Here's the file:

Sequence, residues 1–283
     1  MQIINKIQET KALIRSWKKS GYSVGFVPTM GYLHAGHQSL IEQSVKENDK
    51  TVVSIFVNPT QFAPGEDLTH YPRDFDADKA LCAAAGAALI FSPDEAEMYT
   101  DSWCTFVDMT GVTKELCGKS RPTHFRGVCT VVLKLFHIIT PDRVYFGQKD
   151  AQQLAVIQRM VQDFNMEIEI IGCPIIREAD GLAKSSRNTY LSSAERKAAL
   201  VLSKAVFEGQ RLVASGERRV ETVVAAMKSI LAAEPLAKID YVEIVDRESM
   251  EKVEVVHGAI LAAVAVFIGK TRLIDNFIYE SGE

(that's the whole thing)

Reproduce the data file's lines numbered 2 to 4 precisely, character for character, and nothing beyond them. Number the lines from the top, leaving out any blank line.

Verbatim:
     1  MQIINKIQET KALIRSWKKS GYSVGFVPTM GYLHAGHQSL IEQSVKENDK
    51  TVVSIFVNPT QFAPGEDLTH YPRDFDADKA LCAAAGAALI FSPDEAEMYT
   101  DSWCTFVDMT GVTKELCGKS RPTHFRGVCT VVLKLFHIIT PDRVYFGQKD